By Qur’an Hansford
“That was it?”
That is what I asked the nurse who was administering the Moderna COVID-19 vaccine into my left arm. I don’t know why I chose that arm to use, maybe because I am right-handed. I’m not scared of needles, but I did recall the soreness after receiving previous shots, unlike my younger sister who goes limp at the thought of a needle. My sister was kind enough to take the ride with me to the high school where the vaccination site was located. She knew I was anxious. My appointment was at 3:15 p.m., but because my sister’s was at 4:00 p.m. she had to stay in the car.
It was a Wednesday and it was raining, a scene set perfectly for a sci-fi thriller about a DNA-mutating vaccine that tracks my every move, confusing my weekly headaches and seasonal allergies with side effects. My outrageous paranoia ironically calmed my nerves from the actual possible effects that can come from the shot.
About a month ago, I wrote an article about my apprehension about receiving the vaccination when everything was still unknown with COVID-19 itself. In all honesty, during the height of quarantine, I was plugged into so many news outlets and social media applications that I did not know if what I was ingesting was factual or not. Although I am a huge advocate for social media journalism for its raw and uncut citizen reporting, I am not naive to the element of falsehoods that comes from journalism without any morals or rules. I had my doubts about receiving the vaccine, then I thought about it.
After I handed my sister the keys to my car to wait for me to finish, I hopped in line. Even with an appointment, I had to wait and wait some more. The staff was friendly. I figured because most of the people there were senior citizens, perhaps that explained the wait. There was a line to sign in where I showed them my survey number and photo identification. Then I waited some more. If you came with more than one person, you all got your shot at the same time. As I waited to get called, I looked around and noticed I was one of the youngest people there as the sound of walkers and canes scraped the gym floor.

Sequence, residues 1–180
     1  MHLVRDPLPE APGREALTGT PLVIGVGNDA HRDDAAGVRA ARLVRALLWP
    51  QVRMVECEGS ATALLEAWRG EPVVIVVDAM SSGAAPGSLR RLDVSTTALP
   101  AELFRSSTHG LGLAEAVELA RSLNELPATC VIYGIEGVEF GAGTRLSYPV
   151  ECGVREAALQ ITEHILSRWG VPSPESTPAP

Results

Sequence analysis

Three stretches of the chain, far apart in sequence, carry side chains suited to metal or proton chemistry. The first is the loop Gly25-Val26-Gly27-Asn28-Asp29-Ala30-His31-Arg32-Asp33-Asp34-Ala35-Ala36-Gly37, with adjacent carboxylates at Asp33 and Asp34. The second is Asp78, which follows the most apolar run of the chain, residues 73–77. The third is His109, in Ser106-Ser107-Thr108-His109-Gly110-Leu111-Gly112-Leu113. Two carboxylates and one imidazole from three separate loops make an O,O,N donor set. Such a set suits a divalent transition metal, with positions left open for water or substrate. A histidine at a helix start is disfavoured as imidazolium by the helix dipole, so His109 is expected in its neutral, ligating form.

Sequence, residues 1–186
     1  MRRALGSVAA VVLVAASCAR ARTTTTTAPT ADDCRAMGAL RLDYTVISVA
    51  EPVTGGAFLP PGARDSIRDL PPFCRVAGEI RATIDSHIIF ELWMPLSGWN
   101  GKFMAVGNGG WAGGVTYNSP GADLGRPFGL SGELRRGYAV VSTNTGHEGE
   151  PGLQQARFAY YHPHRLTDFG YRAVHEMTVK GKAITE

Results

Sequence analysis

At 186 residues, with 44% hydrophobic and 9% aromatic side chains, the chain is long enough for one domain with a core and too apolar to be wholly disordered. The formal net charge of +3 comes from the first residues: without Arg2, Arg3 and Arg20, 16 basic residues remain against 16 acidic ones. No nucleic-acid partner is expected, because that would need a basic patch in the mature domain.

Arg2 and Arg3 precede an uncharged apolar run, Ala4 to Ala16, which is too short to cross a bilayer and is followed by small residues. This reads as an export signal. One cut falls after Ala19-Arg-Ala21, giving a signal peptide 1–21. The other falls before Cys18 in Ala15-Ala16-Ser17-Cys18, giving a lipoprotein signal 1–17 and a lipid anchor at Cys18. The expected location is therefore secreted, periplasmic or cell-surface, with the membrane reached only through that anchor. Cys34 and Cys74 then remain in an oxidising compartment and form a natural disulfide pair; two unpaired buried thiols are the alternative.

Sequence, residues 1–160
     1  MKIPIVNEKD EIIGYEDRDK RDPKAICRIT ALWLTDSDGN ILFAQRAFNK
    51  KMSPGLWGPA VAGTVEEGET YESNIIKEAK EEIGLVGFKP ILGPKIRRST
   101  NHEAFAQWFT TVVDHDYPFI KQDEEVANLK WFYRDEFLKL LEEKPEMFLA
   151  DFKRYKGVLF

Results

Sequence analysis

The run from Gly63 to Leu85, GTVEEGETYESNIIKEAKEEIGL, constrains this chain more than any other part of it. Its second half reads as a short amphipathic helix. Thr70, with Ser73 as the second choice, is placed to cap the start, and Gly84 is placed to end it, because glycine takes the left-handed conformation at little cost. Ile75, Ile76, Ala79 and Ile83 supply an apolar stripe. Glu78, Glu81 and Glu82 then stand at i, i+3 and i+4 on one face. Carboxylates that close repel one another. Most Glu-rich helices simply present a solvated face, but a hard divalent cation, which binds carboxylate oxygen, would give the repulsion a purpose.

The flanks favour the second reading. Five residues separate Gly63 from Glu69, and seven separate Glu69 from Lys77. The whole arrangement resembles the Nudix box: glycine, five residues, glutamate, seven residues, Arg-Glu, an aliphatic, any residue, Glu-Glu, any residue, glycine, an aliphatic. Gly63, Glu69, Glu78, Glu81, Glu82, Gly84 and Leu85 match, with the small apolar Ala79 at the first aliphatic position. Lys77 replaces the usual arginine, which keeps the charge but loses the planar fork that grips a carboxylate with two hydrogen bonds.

It seemed like half of the city of Plainfield was in there, people greeting one another, some probably going all of 2020 without a single ‘hello.’ The auditorium smelled like every public school gym I have been in — I missed it. It made me think about my childhood growing up in the same city and the number of shots I got just to attend school and play sports. Was that trust in medicine or just the trust in my parents that they were making the best choice for me? It seemed I was back in that same spot. My mother was adamant about us receiving the vaccine because of our elderly relatives and my cousin is trying to have a baby, and my mom wants all of us to be present for that. After I thought about it, I wanted to be present too — not only in other people’s lives, but my own. This year has the potential to be one of my (and others I’m sure) most memorable years yet, and well- deserved given the circumstances.
I want to address the tug-of-war discourse that is taking place on social media and in news stations about the efficiency of the vaccine. My only comment to this debate is that not everyone will be happy. There will be those who will feel obligated to take it, like the senior citizens, health care workers, teachers, parents and those that are around the at-risk population. Then there are the WebMD doctors and those who simply do not believe in the healing properties coming from an injection. I respect opinions, that is my job. But, I do not respect willful ignorance and the spreading of misinformation knowingly.
I do not respect “anti-maskers” who feel like their rights are being violated and do not take precautions to protect themselves or others. We were to stay in the house to slow the spread and we couldn’t even do that. And here we are, approximately 19% of the nation’s population vaccinated, according to Becker’s Hospital Review.
Remain optimistic and wear your mask(s).
This editorial expresses the unanimous opinion of The Rider News Editorial Board. This week’s editorial was written by Opinion Editor Qur’an Hansford